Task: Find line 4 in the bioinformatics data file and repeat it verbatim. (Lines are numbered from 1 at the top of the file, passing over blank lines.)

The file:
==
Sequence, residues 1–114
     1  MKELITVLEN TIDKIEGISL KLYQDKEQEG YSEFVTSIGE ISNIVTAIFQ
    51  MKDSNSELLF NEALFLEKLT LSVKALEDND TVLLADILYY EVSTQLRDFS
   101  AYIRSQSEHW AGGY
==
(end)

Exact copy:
   101  AYIRSQSEHW AGGY